(b. 1822, Wien, d. 1889, Wien)


Austrian painter and lithographer. He studied (1837-40) under Leopold Kupelwieser at the Akademie der Bildenden Künste in Vienna. From 1837 to about 1847 he worked intensively in the relatively new medium of lithography. The caricatures he provided for Viennese magazines such as Der Kobold or Wiener Blatter reveal the strong influence of French lithography.

On leaving the Akademie, Pettenkofen first pursued a military career and from 1841 to 1843 he was stationed in Padua. On returning to Vienna, however, he became a private pupil of Franz Eybl, attracted by this painter's fresh approach and realistic style. Pettenkofen's first paintings were portraits and clearly show Eybl's influence: the sitters are viewed objectively, and equal attention is paid to facial features, dress and background, whether a gathered curtain or a landscape, as in the portrait of Lawyer Stommer as a Hunter (1845; Vienna, Belvedere). Pettenkofen also produced anecdotal genre scenes with appealing or humorous figures, comparable with the work of the Viennese painter Carl Schindler (1821-42).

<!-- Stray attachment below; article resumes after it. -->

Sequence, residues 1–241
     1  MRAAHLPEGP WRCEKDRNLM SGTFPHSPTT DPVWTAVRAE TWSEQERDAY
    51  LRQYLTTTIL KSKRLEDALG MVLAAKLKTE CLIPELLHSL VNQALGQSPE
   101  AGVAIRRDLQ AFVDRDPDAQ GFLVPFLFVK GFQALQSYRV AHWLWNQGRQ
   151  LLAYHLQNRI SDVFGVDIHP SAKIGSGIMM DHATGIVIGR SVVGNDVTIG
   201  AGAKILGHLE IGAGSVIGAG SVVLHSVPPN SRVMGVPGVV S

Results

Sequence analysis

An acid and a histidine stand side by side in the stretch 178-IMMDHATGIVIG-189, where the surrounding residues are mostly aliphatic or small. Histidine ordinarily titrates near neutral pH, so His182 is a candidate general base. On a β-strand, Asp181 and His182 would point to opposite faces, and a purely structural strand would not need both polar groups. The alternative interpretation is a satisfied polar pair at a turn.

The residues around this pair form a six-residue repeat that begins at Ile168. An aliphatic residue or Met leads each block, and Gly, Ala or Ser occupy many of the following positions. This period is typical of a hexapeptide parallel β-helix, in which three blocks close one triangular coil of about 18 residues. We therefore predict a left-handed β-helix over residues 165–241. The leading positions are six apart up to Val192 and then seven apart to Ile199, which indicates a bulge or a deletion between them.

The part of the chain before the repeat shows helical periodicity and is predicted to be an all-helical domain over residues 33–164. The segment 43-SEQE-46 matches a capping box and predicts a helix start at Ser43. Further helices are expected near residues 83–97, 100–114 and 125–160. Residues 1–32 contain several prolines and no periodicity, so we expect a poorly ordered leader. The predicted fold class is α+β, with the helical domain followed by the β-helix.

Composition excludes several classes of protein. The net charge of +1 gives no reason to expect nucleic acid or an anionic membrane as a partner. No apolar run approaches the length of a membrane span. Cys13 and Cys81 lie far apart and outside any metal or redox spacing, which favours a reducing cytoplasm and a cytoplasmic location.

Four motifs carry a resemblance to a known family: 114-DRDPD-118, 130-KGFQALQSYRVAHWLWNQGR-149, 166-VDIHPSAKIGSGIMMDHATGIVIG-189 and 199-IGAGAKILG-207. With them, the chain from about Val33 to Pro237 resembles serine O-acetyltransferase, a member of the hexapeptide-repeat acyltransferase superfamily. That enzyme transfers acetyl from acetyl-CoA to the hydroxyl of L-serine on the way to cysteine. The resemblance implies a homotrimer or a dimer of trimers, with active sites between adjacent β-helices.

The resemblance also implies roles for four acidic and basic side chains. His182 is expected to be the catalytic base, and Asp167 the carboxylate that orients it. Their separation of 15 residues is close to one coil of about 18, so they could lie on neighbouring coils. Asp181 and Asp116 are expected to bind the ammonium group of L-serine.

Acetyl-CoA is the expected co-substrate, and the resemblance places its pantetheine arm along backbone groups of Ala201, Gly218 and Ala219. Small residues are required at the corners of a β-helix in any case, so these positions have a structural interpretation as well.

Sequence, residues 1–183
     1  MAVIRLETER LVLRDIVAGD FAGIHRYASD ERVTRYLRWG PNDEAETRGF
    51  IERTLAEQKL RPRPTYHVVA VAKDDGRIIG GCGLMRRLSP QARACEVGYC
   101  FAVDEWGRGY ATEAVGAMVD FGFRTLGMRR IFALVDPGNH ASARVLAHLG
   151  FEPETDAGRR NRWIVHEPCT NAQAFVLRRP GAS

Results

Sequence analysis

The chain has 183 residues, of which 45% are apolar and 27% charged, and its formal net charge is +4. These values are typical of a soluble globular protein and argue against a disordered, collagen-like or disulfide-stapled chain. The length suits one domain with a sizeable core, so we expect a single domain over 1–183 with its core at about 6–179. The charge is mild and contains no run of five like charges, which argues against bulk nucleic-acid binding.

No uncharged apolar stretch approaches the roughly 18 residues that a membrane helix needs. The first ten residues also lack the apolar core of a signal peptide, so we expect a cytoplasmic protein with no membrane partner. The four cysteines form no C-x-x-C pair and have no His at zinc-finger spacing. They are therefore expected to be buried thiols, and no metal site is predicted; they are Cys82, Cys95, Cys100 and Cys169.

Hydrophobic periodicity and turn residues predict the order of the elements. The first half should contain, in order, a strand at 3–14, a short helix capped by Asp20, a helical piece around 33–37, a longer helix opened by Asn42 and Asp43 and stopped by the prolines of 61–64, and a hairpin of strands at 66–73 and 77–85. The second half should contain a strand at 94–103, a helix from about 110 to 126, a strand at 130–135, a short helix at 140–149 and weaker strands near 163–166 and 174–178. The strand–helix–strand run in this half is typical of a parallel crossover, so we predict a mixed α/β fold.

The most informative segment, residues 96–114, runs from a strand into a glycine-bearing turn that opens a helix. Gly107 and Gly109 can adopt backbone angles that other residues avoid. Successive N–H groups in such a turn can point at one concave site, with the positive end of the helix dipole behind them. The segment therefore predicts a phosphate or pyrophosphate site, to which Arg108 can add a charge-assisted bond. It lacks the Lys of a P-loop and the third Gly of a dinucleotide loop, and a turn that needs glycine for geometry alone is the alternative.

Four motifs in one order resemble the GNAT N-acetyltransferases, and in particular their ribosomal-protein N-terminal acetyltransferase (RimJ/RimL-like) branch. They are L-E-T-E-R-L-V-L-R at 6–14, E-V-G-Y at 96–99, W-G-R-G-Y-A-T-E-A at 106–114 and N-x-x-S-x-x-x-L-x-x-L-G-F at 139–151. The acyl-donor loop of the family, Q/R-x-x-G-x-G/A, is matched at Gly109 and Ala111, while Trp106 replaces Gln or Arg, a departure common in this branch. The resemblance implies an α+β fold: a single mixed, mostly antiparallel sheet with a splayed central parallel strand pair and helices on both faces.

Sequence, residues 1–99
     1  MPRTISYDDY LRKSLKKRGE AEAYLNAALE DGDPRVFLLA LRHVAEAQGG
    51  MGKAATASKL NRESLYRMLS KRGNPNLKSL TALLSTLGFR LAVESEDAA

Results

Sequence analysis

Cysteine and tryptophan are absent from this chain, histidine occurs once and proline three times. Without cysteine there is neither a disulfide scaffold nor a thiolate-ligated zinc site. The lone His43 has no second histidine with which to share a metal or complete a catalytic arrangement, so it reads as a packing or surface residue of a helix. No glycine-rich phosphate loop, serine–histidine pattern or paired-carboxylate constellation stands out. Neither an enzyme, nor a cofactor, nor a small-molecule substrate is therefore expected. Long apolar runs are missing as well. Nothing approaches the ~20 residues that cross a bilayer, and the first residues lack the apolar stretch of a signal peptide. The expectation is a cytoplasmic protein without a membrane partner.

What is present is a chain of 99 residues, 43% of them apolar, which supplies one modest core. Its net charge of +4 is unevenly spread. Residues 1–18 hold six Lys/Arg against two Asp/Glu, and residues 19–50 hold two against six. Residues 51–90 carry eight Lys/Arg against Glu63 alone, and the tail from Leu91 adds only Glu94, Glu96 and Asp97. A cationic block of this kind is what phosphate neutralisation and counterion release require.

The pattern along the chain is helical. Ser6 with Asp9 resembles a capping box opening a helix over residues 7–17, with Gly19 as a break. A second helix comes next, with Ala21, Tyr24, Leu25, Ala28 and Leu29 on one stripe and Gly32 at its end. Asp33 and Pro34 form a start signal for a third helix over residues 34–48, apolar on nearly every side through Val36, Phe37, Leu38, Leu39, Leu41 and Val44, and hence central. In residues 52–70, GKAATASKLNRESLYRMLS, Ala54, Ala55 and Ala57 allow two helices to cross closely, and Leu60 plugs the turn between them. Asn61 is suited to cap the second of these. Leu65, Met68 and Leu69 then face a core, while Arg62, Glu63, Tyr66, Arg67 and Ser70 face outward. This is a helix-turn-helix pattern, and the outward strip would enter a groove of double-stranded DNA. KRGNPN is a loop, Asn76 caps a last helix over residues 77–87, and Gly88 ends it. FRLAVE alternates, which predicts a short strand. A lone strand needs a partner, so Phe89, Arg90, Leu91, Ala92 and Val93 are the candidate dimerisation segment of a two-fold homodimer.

From the end of 1853 he traveled in Hungary. His paintings are treasured for their fine qualities of colour, and for the sincerity with which the artist sets before us the uneventful melancholy life of Hungarian peasants and Gypsies without any theatrical pathos or forced humour.

He was the inventor of the Pettenkofen box, an appliance for dissolving and redistributing cracked or discoloured varnish without friction or the dangerous use of chemicals.

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